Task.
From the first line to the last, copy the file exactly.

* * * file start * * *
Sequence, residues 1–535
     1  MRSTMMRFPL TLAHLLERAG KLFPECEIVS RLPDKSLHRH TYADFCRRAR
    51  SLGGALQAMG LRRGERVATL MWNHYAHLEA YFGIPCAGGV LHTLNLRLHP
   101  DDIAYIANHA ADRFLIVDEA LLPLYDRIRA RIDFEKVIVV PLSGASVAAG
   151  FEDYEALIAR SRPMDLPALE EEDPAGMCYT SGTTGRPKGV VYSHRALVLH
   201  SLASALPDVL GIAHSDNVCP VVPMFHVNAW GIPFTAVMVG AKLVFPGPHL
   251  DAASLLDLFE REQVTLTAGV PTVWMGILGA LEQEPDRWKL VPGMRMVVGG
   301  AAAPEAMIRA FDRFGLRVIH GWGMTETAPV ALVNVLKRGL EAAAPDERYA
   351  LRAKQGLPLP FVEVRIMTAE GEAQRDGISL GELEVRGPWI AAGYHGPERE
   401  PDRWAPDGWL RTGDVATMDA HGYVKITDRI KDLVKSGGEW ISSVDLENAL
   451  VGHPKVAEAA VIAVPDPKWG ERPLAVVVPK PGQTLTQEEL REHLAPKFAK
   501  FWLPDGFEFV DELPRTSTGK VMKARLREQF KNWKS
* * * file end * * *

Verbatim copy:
Sequence, residues 1–535
     1  MRSTMMRFPL TLAHLLERAG KLFPECEIVS RLPDKSLHRH TYADFCRRAR
    51  SLGGALQAMG LRRGERVATL MWNHYAHLEA YFGIPCAGGV LHTLNLRLHP
   101  DDIAYIANHA ADRFLIVDEA LLPLYDRIRA RIDFEKVIVV PLSGASVAAG
   151  FEDYEALIAR SRPMDLPALE EEDPAGMCYT SGTTGRPKGV VYSHRALVLH
   201  SLASALPDVL GIAHSDNVCP VVPMFHVNAW GIPFTAVMVG AKLVFPGPHL
   251  DAASLLDLFE REQVTLTAGV PTVWMGILGA LEQEPDRWKL VPGMRMVVGG
   301  AAAPEAMIRA FDRFGLRVIH GWGMTETAPV ALVNVLKRGL EAAAPDERYA
   351  LRAKQGLPLP FVEVRIMTAE GEAQRDGISL GELEVRGPWI AAGYHGPERE
   401  PDRWAPDGWL RTGDVATMDA HGYVKITDRI KDLVKSGGEW ISSVDLENAL
   451  VGHPKVAEAA VIAVPDPKWG ERPLAVVVPK PGQTLTQEEL REHLAPKFAK
   501  FWLPDGFEFV DELPRTSTGK VMKARLREQF KNWKS